When the Raiders signed Jon Gruden to a 10-year, $100 million contract in 2018, they tied themselves down to one of the most confusing and overrated coaches in the league. On the one hand, Gruden did win a Super Bowl as the head coach of the Tampa Bay Buccaneers. However, he failed to sustain success in Tampa due in large part to poor NFL draft selections, and he only rejoined the league after spending nearly a decade in the broadcast booth.
In typical Gruden fashion, he boldly traded the team’s best player, Khalil Mack, to the Chicago Bears for a package of first-round picks. And after sending former top-five pick Amari Cooper to the Dallas Cowboys, Gruden had assembled a massive arsenal of valuable NFL draft picks that conceivably could help the Raiders rebuild ahead of their move to Las Vegas. Instead, the overrated and overpaid head coach managed to blow that quintet of first-round picks and prove that he’s a $100 million mistake.
Jon Gruden started Raiders tenure by trading Khalil Mack
Nothing like rebooting your NFL coaching career by getting rid of your most talented and respected player. That’s exactly what Jon Gruden did in his first year sitting on the throne. Instead of building around one of the premier players in the NFL, the former Buccaneers coach shipped Khalil Mack to Chicago for a package of picks that included two first-rounders. Strangely, the Raiders sent a second-round pick to the Bears along with one of the league’s preeminent pass rushers.
After ranking 24th in the league in sacks in 2017, the Raiders plummeted to dead last without Mack in the lineup. Meanwhile, Mack transformed Chicago’s defense into a dominant unit. He recorded 12.5 sacks, six forced fumbles and 18 quarterback hits in his first season with the Bears. The seemingly unaware Gruden laughably went on record, saying, “It’s hard to find a great pass rusher.”
Raiders didn’t get great value with 2019 draft haul
With Mike Mayock on board as general manager and Jon Gruden at head coach, the Raiders entered the 2019 NFL draft with a trio of first-round picks. The team shockingly took Clelin Ferrell at No. 4 despite him being viewed as a top-25 prospect rather than a top-five one. Ferrell recorded just 4.5 sacks and eight quarterback hits on 648 snaps. Just three picks later, the Jacksonville Jaguars landed a star in Josh Allen, who posted 10.5 sacks and 23 quarterback hits in essentially the same number of snaps. Brian Burns, who went 16th overall to the Carolina Panthers, recorded 7.5 sacks and 16 quarterback hits on just 478 snaps.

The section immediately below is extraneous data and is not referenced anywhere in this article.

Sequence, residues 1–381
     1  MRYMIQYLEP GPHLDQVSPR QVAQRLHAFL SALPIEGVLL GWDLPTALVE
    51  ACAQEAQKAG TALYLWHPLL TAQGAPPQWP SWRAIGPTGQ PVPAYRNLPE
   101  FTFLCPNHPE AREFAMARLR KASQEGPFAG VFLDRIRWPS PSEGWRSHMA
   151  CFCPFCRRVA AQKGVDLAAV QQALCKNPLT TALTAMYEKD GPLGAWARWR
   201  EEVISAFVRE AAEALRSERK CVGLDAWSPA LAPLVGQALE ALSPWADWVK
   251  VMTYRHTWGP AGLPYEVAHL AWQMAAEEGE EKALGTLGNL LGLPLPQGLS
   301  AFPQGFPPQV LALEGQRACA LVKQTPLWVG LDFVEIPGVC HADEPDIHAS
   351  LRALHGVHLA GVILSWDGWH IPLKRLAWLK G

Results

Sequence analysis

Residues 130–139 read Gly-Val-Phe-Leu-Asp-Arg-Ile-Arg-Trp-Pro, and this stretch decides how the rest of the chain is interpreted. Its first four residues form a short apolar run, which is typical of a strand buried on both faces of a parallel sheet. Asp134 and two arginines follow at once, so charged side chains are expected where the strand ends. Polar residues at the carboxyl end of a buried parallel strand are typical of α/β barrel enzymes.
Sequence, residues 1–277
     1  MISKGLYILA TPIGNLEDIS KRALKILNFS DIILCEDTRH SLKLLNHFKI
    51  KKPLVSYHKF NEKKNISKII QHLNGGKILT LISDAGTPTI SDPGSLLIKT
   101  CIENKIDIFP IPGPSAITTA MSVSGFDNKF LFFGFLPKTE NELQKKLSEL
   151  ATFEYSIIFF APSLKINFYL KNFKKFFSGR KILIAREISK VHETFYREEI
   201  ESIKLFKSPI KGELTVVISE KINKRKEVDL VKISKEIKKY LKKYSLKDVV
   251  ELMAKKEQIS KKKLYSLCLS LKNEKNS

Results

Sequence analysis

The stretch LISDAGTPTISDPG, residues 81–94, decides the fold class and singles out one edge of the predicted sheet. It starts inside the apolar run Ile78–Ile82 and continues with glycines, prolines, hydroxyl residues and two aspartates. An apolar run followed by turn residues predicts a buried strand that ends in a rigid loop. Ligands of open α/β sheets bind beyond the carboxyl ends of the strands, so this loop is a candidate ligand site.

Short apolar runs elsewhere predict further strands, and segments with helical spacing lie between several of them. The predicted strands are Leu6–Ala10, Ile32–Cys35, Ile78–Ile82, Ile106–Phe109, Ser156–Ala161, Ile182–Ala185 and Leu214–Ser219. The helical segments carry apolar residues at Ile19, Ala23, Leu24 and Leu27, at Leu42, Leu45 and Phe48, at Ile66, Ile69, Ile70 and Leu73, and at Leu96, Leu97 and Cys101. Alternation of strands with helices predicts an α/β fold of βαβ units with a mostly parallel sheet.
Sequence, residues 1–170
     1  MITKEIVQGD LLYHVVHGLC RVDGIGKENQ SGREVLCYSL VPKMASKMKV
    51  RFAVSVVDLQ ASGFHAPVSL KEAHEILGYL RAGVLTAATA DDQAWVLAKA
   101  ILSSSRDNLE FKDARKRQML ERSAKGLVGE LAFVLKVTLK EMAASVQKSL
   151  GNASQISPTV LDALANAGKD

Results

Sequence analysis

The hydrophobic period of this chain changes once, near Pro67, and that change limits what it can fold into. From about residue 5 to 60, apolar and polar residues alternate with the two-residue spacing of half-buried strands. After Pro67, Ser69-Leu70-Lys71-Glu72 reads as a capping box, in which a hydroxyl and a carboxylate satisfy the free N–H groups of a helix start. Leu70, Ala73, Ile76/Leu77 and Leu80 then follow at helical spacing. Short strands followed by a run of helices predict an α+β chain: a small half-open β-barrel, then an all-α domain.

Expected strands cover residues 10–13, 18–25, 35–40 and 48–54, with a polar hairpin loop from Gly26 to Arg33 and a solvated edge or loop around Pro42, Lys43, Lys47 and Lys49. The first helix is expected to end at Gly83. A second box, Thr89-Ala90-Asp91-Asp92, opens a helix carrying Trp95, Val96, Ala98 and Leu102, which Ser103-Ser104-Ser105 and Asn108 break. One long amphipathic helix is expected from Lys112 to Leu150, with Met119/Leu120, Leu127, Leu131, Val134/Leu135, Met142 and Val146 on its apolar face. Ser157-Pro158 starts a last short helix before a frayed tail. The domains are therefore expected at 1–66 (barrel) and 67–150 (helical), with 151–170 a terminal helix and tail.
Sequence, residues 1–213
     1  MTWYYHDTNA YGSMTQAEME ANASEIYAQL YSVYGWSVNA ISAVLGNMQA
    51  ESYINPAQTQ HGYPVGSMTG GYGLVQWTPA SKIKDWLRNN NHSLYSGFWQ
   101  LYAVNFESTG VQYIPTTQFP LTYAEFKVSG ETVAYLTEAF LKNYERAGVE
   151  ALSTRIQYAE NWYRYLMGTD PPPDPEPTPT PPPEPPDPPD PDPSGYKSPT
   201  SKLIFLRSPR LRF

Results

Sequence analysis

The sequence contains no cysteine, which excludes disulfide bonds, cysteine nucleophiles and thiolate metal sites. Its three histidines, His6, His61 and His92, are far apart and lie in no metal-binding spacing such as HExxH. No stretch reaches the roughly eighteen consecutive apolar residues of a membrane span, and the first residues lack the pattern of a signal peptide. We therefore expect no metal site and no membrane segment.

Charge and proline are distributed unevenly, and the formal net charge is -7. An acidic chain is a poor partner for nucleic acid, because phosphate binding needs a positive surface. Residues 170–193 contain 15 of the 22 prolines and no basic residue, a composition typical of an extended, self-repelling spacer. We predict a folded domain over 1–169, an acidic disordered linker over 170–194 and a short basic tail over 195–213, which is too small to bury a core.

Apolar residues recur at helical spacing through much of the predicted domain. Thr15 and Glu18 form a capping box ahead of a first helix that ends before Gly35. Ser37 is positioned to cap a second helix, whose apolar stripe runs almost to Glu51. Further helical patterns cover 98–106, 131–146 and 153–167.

Oakland then proceeded to draft running back Josh Jacobs at 24 and safety Jonathan Abram at 27. The former turned out to be a huge hit as a rookie and nearly upset Kyler Murray for Offensive Rookie of the Year honors. However, utilizing a first-round pick on a running back is simply a poor use of draft capital. And for a team desperate for a franchise quarterback, the move seems eerily similar to the Giants taking Saquon Barkley at No. 2 just a year before. Abram got injured in Week 1 and missed the rest of his rookie season.
Gruden’s $100 million contract will go down as a franchise-altering mistake
Surprisingly, the Raiders got much better contributions from their mid- and late-round picks. Yet, Gruden’s team went 7-9 and missed the playoffs yet again. Armed with two more opportunities to land blue-chip prospects, Gruden flopped yet again in the opening frame of the 2020 NFL draft. Holding the 12th overall pick, the team selected an Al Davis special in wideout Henry Ruggs. Sure, he boasts electrifying speed and scored touchdowns at a prolific rate in college, but smaller, faster receivers don’t exactly have a great track record of panning out in the NFL. Ruggs wasn’t even the best receiver on his own team, as Jerry Jeudy put up a far more impressive career under Nick Saban. The former high-school basketball star has a skill set that doesn’t exactly mesh well with check-down king Derek Carr.
In a move that truly shows Gruden’s complete incompetence and misunderstanding of NFL draft value, the Raiders made a massive reach at No. 16 with cornerback Damon Arnette. The Ohio State product became the second Buckeyes corner to go in the first round despite being viewed as a Day 2 talent. Somehow, the Raiders turned five first-round picks into a run-stopping, athletically limited defensive end, a running back, a strong safety, a one-dimensional speed receiver and a cornerback who wasn’t considered a top-five prospect at his position.
Jon Gruden still hasn’t found an answer at the most important position. He inexplicably decided Monday Night Football flameout Jason Witten was worth $3.5 million guaranteed. And he somehow thought the best way to push Carr was to sign the middling Marcus Mariota. The Raiders may have moved to money-pumping Las Vegas, but that won’t make up for the fact that Jon Gruden is a $100 million mistake. Let’s just see how long this marriage lasts when the Raiders miss the playoffs again.